The largest film studio facility in France opened Friday to mixed expectations
Cite du Cinema, the largest film studio facility ever built in France, opened on Friday with a lofty goal to attract foreign productions with facilities matching those in Hollywood.
The complex, erected on the banks of the Seine, cost about $200 million, according to Reuters.
Built on the grounds of a former 1930s power station in Seine-Saint-Denis, just outside Paris, Cite du Cinema is the creation of director and producer Luc Besson, who discovered the site when shooting for his movies "Leon" and "Nikita" in the 1990s.
The complex — which houses nine film studios, workshops for building film sets, production company office space and a film school — is modeled after some of Europe's largest film centers in London, Berlin and Rome.
However, France's lower tax breaks could deter international filmmakers.
"The attractiveness of Cite du Cinema, which is indisputable on a technical level, will be weighed down by the fact that our financial attractiveness for very large budgets is now lower than that of our neighbors," Patrick Lamassoure, managing director of Film France (a non-profit agency which promotes France as a location for film and television shoots) told Reuters.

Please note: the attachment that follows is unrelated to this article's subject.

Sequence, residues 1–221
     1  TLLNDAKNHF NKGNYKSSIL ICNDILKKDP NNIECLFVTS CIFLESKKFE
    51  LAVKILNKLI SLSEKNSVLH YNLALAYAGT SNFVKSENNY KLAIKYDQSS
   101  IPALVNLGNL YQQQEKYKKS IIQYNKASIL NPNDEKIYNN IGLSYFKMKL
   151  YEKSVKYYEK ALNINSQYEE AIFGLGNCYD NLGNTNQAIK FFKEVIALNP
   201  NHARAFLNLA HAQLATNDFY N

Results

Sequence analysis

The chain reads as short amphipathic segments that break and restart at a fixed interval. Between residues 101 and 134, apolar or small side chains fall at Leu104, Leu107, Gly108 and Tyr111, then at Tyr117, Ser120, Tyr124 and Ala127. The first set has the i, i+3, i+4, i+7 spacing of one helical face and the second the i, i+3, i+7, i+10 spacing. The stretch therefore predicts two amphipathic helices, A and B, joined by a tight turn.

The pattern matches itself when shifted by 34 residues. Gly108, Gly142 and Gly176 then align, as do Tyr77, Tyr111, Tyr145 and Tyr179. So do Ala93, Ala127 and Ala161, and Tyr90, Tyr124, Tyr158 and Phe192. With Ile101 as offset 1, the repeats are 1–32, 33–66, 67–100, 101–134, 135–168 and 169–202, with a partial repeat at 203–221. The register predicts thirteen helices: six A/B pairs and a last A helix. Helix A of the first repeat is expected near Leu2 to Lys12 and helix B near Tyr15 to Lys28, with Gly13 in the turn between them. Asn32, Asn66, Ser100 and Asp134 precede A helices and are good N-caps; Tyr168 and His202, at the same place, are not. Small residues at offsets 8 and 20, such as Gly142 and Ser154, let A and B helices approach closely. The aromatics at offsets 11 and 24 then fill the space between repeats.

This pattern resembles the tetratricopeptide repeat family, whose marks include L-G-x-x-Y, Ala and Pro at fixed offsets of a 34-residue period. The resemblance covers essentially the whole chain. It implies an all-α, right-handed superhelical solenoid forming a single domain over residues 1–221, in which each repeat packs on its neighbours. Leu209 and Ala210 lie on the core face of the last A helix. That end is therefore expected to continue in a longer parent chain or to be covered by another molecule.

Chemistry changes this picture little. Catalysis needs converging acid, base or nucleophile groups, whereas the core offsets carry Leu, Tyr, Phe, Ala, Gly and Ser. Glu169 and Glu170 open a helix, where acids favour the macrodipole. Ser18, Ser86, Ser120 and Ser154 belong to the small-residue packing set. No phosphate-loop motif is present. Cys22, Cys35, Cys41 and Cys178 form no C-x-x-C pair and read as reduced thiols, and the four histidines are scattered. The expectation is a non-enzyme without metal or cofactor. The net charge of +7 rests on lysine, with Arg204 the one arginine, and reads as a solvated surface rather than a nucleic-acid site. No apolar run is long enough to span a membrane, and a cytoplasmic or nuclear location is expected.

Besson decided to create a large studio in France while shooting his first major international project, "The Fifth Element", starring Bruce Willis and Milla Jovovich, in London because French venues were too small for the film.
“I’m feeling rather emotional,” Besson told guests at Cite du Cinema's inauguration ceremony on Friday, according to Screen Daily. “This has been a long journey involving the support and efforts of hundreds if not thousands of people, all of whom I would like to thank."
Cite du Cinema, dubbed by locals as the Hollywood-sur-Seine, started taking shape after the French government's investment arm, Caisse des Depots et Consignations (CDC), provided financial backing along with Vinci Immobilier, the real estate unit of French construction company Vinci.
The facility housed brief production work on Taken 2, Smurfs 2 and the French comedy "Vingt ans d’ecart" this summer, reported Screen Daily.